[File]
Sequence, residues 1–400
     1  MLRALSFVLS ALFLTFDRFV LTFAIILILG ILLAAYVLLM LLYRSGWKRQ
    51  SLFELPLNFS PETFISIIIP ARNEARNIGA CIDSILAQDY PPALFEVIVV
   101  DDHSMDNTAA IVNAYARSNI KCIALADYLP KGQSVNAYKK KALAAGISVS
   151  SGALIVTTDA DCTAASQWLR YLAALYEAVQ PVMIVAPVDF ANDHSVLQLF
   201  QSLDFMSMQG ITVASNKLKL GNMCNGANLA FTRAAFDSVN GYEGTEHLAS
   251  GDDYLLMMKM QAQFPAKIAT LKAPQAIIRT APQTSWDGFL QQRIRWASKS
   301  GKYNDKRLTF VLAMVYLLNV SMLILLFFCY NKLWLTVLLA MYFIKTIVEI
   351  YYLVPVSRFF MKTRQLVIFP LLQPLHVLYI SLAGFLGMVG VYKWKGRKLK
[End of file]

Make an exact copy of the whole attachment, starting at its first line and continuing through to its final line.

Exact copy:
Sequence, residues 1–400
     1  MLRALSFVLS ALFLTFDRFV LTFAIILILG ILLAAYVLLM LLYRSGWKRQ
    51  SLFELPLNFS PETFISIIIP ARNEARNIGA CIDSILAQDY PPALFEVIVV
   101  DDHSMDNTAA IVNAYARSNI KCIALADYLP KGQSVNAYKK KALAAGISVS
   151  SGALIVTTDA DCTAASQWLR YLAALYEAVQ PVMIVAPVDF ANDHSVLQLF
   201  QSLDFMSMQG ITVASNKLKL GNMCNGANLA FTRAAFDSVN GYEGTEHLAS
   251  GDDYLLMMKM QAQFPAKIAT LKAPQAIIRT APQTSWDGFL QQRIRWASKS
   301  GKYNDKRLTF VLAMVYLLNV SMLILLFFCY NKLWLTVLLA MYFIKTIVEI
   351  YYLVPVSRFF MKTRQLVIFP LLQPLHVLYI SLAGFLGMVG VYKWKGRKLK